If a reality TV show is going to be promoting someone as a mediator, then the person should be mediating not making decisions for the parties. There are other reality shows where one person makes a decision for the parties: Judge Judy, The People’s Court, et al. The reality of what a mediator does should not be obscured to make more entertaining television.

Coming up on the end of another year

November 22, 2013 3 comments

As I write this post, Thanksgiving Day is less than a week away. Christmas and New Years Day will be upon us sooner than we would like. For many this is the time of the year when people get together with their families (family of birth, or family by choice) to enjoy the holidays.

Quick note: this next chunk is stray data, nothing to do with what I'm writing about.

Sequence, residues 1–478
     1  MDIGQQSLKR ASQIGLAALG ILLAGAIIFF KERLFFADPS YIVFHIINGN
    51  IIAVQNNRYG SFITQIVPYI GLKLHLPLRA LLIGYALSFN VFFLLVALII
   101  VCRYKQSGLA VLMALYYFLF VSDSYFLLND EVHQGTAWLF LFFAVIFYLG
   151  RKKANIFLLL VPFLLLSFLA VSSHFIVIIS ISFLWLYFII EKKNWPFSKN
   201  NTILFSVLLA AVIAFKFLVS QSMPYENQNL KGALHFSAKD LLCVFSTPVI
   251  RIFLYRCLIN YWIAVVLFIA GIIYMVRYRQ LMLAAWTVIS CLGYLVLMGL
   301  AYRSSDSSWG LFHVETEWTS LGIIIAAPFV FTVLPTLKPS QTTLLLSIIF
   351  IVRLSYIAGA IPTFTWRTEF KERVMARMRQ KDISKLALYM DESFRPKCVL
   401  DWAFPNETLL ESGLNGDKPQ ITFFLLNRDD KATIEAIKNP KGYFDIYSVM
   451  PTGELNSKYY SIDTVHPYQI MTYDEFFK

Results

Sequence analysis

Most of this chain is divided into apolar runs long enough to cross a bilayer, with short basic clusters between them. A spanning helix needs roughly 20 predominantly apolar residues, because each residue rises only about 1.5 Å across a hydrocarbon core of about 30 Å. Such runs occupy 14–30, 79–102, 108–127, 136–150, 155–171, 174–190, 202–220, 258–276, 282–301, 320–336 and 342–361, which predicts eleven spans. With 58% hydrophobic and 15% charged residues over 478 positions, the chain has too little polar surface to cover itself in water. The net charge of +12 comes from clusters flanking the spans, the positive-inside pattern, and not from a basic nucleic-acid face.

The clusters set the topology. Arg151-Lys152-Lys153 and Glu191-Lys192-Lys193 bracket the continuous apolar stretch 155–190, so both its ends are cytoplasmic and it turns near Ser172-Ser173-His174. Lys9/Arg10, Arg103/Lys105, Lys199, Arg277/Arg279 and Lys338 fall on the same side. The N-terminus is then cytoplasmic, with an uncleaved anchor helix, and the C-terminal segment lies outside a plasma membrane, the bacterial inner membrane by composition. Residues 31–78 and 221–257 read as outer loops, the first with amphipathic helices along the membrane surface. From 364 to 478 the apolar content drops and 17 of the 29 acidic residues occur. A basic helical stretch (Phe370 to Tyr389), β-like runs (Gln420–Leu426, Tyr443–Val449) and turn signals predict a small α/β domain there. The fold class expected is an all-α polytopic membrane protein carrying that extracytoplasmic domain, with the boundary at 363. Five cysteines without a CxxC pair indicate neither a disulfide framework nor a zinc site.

For married couples who are separated, this can be a difficult time of year. When there are children involved, there can be squabbles about where the children should be for the holiday. Parents can’t afford to get what they want for their children because they do not have enough money. Children are often caught in the middle as they want to spend time with both parents. The better thing for parents to do is work out as many of these issues in advance and outside of the hearing of the children. Better to work out the pick up/drop off time and place for Thanksgiving a few days before the holiday as opposed to resolving it on Thanksgiving Day.